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Theater

Marvin's Room is merely serious when you wish it would be moving

Posted on

Joan Marcus

We gave it a B

With the whole of theater history on the shelf, what makes a producer reach for a particular show to re-stage? Beyond a don’t-miss pairing of a classic role and a magnetic star (see: Hello, Dolly and Bette Midler), it helps for a revival to resonate — topically, emotionally — with present-day audiences. That’s a harder task for a returning show in which the story is contemporaneous with its original premiere (Dolly, for instance, never ages because, even in 1964, it swept audiences to the turn of the century). Unfortunately, this first Broadway production of Marvin’s Room never quite justifies its trip back to the early ’90s. While not a conspicuous period piece, it resists updating, and yet lacks the emotional power and resonance to move us from its long-ago vantage.

When Scott McPherson’s comic-drama opened Off-Broadway in 1991, its subject — the uneasy coming together of two estranged sisters — felt enduring. And while the reunion at its heart hinges on the then-new protocol of treating leukemia with bone-marrow from a close relative, its themes of familial love and obligation have, for the most part, aged well. So why does the show feel so out of sync now?

It may be, in part, because the author’s own story was tragically very much of the era in which Marvin’s Room debuted. “I am 31 and my lover has AIDS,” McPherson wrote in the program for the original production. ”Our friends have AIDS. And we all take care of each other, the less sick caring for the more sick. At times, an unbelievably harsh fate is transcended by a simple act of love, by caring for one another.”

Marvin’s Room was McPherson’s third and final work; he died in 1992 at age 33. The script never mentions AIDS but early ‘90s audiences would have easily contextualized his depiction of too-young caretakers becoming the cared-for. The show earned several posthumous awards, and a screenplay adaptation McPherson left behind arrived in movie theaters in 1996 with Diane Keaton, Meryl Streep, and a teenaged Leonardo DiCaprio.

The Roundabout Theatre Company’s new revival stars the engaging Lili Taylor as Bessie, who is looking after her infirm aunt and father when she is herself diagnosed with cancer, and Janeane Garofalo, in her Broadway debut, as Bessie’s sister Lee, a single mom to two teens, one of whom is in a mental hospital after setting fire to their home. Even if you are able to recover from the temporal whiplash of seeing two Gen X movie heroines (Taylor of Say Anything, Garofalo of Reality Bites) cast in sandwich-generation roles, the question remains: Why Marvin’s Room now?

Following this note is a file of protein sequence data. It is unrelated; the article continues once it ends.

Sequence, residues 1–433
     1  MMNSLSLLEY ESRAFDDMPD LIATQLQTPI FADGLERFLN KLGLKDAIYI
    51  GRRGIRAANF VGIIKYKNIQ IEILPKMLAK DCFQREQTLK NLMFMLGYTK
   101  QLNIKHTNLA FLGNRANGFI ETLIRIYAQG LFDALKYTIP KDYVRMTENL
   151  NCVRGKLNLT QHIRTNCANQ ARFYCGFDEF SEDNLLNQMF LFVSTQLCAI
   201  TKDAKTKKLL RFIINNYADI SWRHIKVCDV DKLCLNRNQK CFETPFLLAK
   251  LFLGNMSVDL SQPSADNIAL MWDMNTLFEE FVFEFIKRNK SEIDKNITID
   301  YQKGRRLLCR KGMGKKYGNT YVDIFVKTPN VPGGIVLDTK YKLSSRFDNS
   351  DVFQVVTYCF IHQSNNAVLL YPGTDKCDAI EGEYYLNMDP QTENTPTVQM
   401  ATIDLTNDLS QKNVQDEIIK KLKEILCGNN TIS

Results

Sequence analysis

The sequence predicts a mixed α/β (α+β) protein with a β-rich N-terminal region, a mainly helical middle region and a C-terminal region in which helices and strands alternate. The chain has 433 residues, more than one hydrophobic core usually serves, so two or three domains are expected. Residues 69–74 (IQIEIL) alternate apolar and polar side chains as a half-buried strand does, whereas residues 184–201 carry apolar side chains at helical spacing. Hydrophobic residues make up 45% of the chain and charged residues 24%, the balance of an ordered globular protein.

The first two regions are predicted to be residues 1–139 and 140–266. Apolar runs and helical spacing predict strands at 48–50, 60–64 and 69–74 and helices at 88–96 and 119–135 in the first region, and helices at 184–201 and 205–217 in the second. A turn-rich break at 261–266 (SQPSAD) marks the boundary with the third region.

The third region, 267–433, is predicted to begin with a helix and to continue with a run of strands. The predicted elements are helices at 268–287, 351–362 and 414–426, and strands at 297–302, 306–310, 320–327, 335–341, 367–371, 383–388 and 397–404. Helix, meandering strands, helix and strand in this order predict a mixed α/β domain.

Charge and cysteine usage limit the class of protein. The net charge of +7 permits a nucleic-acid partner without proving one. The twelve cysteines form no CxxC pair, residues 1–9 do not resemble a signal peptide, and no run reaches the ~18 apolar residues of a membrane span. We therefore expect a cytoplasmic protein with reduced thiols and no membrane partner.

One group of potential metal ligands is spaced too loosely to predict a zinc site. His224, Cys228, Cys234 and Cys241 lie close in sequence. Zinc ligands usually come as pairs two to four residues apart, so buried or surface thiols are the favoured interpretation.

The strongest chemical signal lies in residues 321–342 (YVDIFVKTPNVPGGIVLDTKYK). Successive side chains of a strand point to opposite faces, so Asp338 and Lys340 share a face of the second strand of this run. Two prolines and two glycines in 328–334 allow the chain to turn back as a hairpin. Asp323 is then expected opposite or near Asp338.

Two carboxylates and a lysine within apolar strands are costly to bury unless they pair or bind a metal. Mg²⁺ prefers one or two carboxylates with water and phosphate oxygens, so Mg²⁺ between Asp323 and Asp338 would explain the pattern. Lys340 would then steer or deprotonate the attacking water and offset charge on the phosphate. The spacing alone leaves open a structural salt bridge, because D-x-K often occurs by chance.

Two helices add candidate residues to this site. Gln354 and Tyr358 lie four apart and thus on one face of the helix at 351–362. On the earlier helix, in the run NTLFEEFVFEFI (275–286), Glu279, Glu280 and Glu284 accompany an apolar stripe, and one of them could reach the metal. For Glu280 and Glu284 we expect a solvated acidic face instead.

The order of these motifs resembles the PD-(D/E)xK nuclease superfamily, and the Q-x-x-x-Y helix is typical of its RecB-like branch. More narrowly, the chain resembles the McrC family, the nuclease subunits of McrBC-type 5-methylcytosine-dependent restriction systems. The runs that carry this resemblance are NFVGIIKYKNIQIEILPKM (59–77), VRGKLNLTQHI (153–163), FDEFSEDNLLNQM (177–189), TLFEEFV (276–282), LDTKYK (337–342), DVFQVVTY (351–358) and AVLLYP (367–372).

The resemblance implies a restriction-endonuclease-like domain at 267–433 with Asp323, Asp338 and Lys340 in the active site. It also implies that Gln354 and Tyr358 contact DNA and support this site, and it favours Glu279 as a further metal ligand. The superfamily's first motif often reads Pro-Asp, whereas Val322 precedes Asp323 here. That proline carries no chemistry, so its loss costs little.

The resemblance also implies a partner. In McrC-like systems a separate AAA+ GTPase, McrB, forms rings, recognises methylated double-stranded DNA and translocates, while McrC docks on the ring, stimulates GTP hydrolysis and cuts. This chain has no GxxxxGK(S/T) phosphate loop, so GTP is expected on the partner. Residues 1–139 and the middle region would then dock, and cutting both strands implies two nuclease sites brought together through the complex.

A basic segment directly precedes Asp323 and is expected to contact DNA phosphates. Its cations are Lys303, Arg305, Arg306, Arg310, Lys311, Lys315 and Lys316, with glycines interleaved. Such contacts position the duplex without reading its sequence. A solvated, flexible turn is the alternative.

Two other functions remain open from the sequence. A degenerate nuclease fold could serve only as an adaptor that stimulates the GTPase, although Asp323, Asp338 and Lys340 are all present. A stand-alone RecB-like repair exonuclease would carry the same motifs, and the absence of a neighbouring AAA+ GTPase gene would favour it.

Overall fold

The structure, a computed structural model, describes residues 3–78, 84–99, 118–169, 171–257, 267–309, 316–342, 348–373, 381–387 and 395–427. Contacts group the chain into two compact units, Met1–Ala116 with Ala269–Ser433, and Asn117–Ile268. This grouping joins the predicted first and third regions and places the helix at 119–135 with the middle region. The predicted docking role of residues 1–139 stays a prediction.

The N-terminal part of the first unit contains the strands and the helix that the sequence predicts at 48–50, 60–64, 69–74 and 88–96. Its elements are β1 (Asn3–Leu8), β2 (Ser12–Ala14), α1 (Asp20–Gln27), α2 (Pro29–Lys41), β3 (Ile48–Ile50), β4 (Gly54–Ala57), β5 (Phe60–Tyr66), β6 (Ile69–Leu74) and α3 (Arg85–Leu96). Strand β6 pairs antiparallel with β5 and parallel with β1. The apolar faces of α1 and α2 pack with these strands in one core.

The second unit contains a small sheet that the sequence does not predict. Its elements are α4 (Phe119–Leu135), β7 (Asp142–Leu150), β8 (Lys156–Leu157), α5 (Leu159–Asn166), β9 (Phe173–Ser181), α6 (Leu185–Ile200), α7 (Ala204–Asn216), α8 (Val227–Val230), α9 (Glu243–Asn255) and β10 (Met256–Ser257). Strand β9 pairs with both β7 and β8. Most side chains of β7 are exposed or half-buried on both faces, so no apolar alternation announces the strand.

Sitting where it does on the continuum of funny-sad cancer stories — after Terms of Endearment, before Wit and The Big C Marvin’s Room no longer gibes with current attitudes about the disease. Bessie, at one point believing she is the only one awake, heads for the kitchen without her wig, exposing her shorn hair. When Lee flips on the light, Bessie skitters and covers her head with her hands, a gesture that feels antiquated in an age when public figures like Robin Roberts allow themselves to be photographed while bald from chemo, looking proudly and beautifully defiant. Taylor, making a tough role appear effortless, wins our sympathy, but where is her fight? Details like this might matter less if the show followed one rule of terminal-illness comedies: Have us laughing through our tears. Because, while director Anne Kauffman’s take on Marvin’s Room is frequently funny, it is merely serious when you wish it would be moving.

Not that it lacks for issues of current anxiety — one can’t help but think of the Obamacare v. Trumpcare showdown as this working-class family’s medical crises mount. Besides Bessie facing cancer, Lee’s son Hank (a believably sullen Jack DiFalco) has mental health issues that go beyond adolescent moping, dad Marvin (never seen, but heard moaning beyond a glass brick wall) requires long-term care, and aunt Ruth (the terrific Celia Weston) battles chronic pain, managed by a device that — in one of the show’s better running gags — triggers the garage door to open. When Lee, still putting herself through cosmetology school, offers her sister money, Bessie rips up the check and says they’re doing fine. They are? The implied math would vex the Congressional Budget Office. Still, the text defies a modern update: Were Marvin’s Room to take place today, Facebook alone would lessen the gulf between the two women. (Of course, that way lies madness: What would La Boheme be with antibiotics? Or Romeo & Juliet with texting?) As it is, the way Bessie and others remember Lee, we are to understand her as a free spirit, verging on self-absorbed. But the earnest manner in which the likable Garofalo interprets her defies their withering assessments.

Now, or in any season, it’s worth celebrating a female-centric show directed by a woman. But is this the sister story we want in 2017? During the play’s authentically wearying family dust-ups, there are lulls in which to ponder its bad sister/good sister rubric. We know Lee is bad because, early on, she wants to smoke indoors when it isn’t allowed. We know Bessie is good because she can intuit their father’s every need, down to his delight when she flickers light onto his wall with a compact mirror. As the two women grow closer, they reveal themselves to be more than these outmoded stereotypes. But by the play’s end, when the mirror is again held up in Marvin’s room, it remains difficult to see ourselves reflected. B